A powerful and moving new novel from an award-winning, acclaimed author: in the wake of a devastating revelation, a father and son journey north across a tapestry of towns.When a widower receives notice from a doctor that he doesnt have long left to live, he is struck by the question of who will care for his adult sona son whom he fiercely loves, a boy with Down syndrome. With no recourse in mind, and with a desire to see the country on one last trip, the man signs up as a census taker for a mysterious governmental bureau and leaves town with his son.Traveling into the country, through towns named only by ascending letters of the alphabet, the man and his son encounter a wide range of human experience. While some townspeople welcome them into their homes, others who bear the physical brand of past censuses on their ribs are wary of their presence. When they press toward the edges of civilization, the landscape grows wilder, and the towns grow farther apart and more blighted by industrial decay. As they approach Z, the man must confront a series of questions: What is the purpose of the census? Is he complicit in its mission? And just how will he learn to say good-bye to his son?Mysterious and evocative,Censusis a novel about free will, grief, the power of memory, and the ferocity of parental love, from one of our most captivating young writers....
|Number of Pages||:||272 pages|
|Url Type||:||Home » Census » Census|
An unnamed widower receives news from his doctor that he is suffering from a fatal condition and will shortly die. He quits his medical practice and loads his adored son, a boy with Down Syndrome, into his car and takes off across the country to render the census. He is hoping to spend these fleeting remaining moments traveling and experiencing life with the one he loves most before he is forced to say goodbye forever.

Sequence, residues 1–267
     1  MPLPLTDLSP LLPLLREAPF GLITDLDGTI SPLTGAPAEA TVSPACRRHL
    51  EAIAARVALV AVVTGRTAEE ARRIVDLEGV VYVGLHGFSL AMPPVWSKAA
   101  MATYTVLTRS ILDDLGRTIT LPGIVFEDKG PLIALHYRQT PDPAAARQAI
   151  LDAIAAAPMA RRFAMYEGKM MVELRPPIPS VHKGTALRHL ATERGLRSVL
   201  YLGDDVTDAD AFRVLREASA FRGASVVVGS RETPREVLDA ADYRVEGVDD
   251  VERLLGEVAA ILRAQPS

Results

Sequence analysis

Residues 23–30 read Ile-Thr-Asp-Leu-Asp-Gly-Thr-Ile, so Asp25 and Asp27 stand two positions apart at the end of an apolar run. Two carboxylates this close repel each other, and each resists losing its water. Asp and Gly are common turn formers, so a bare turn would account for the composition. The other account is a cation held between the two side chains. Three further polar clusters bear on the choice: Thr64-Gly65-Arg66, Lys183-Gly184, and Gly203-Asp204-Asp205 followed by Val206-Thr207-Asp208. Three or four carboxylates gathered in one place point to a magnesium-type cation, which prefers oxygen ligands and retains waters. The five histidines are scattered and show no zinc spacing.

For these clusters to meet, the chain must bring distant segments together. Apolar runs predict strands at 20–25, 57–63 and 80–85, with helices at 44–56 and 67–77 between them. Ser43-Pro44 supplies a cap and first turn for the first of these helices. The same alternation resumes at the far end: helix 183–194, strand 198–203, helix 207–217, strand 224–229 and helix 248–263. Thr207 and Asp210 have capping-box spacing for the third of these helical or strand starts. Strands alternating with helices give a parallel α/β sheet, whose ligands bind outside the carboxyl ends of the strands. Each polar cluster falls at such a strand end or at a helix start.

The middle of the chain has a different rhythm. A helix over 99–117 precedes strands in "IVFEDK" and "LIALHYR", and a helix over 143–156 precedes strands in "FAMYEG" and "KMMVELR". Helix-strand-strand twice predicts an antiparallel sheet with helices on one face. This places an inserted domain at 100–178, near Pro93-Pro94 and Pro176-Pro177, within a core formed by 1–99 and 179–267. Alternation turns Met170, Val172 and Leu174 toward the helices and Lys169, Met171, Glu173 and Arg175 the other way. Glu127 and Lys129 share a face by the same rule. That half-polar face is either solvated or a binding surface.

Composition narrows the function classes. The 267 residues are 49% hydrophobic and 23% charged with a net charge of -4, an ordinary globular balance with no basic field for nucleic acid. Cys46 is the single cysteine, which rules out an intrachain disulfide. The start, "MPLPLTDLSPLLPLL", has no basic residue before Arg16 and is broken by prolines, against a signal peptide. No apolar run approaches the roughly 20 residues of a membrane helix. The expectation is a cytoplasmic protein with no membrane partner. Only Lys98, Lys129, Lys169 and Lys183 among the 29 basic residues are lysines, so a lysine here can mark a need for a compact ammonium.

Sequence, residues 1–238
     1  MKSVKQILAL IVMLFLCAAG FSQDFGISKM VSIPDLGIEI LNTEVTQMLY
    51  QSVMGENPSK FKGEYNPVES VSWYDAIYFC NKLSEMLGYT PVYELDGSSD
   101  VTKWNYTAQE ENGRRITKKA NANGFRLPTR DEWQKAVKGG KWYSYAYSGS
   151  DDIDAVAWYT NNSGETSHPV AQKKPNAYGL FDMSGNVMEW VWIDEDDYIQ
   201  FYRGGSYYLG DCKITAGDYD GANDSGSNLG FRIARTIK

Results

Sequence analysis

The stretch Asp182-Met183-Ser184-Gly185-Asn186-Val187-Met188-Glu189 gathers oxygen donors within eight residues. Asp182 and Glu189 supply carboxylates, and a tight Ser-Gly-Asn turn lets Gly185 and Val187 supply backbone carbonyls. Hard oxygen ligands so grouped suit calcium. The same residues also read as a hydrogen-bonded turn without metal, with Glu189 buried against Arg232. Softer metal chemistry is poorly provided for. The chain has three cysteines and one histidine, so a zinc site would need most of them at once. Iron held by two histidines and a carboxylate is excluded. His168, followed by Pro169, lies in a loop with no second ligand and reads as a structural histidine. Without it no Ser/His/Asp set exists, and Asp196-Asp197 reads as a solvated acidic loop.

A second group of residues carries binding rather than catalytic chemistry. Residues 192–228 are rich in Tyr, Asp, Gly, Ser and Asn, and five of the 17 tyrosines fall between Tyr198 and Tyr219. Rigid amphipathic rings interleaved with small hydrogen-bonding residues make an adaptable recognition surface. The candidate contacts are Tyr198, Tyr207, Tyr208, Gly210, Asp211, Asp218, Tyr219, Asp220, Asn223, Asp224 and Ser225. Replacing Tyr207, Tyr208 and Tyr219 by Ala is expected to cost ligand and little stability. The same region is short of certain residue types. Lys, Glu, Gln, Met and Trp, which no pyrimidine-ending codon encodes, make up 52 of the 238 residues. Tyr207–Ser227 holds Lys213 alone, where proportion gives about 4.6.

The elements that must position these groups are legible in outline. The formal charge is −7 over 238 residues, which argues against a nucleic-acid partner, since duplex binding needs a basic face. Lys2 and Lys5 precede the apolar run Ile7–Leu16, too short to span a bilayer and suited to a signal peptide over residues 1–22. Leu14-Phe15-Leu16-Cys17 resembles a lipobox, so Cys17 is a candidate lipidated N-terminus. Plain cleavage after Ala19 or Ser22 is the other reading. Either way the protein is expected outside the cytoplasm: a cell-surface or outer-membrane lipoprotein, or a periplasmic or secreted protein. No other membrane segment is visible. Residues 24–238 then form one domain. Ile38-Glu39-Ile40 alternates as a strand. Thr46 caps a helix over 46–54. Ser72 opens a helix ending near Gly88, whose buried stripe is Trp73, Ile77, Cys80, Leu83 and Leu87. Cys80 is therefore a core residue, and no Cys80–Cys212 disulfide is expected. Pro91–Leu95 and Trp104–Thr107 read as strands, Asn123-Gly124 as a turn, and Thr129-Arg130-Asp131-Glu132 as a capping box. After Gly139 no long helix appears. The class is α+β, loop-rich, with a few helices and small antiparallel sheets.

And so starts one of the most cheerful, lighthearted, and downright jolly book ...more
I considered giving up once or twice during the first half of this slim book and am very glad I didn't.
5+ out of 5.
Ball returns to his more oblique work here (after 2016's much-more-realistic How to Set a Fire and Why) but this book feels as distinct from any other of his works as every other of his works. It is perhaps his best yet - a beautiful, moving portrait: of a father and son, of a child with Down syndrome, of the practice of taking a census, of the relationship between a person and their world. It's also the most loving of letters between siblings. My heart is so full after reading this ...more
I am an unabashed fan of Jesse Ball. I’ve read many of his books – The Curfew, The Lesson, Silence Once Begun, A Cure for Suicide, How to Set a Fire & Why – and have often marveled at his metafictional, fablelike, and sometimes provocative works.
But this time it’s personal – for the author and perhaps for this reader, too. Jesse Ball dedicates the book to his deceased brother, Abram Ball, who had Down Syndrome, and in the prologue, writes about the struggle to create this book and how he sol ...more
How prescient this book's title? Census. When was the last time this process generated controversy. A correct census is necessary for so many reasons, but none of them are the focus of Jesse Ball's humane and bewitching novel. The landscape is rustbelt, but with a difference. Our unnamed narrator, a widower, has received a final diagnosis. Having been a surgeon, he is aware of the implications and doesn't question it, and decides to ditch is professional life and take up the position as a census ...more
It took me until almost the end of this novel to really be "into" it. And then it broke my heart.
”Mama whispered softly time will ease your pain
Life's about changing nothing ever stays the same
And she said how can I help you to say goodbye
it's okay to hurt and it's okay to cry
Come let me hold you and I will try
How can I help you to say goodbye”
--How Can I Help You Say Goodbye, Patty Loveless, Songwriters: Burton Collins / Karen Taylor-Good
A father and son journey follows the father receiving the news from a doctor that he hasn’t much longer to live. His son, although adult, has Down synd ...more
I wanted to like this, but I was disappointed.
There were glimmers of moments where the book could have been fantastic, touching, and interesting, but those moments became lost in a sea of plotless philosophizing about nothing and over-explaining the most inane of things. (For example, I do not care how or why the narrator is bad at puzzles, I'm not sure why any reader would care, and I'm not sure why the narrator chooses to wax on and on for pages about it.) The good moments were almost enough ...more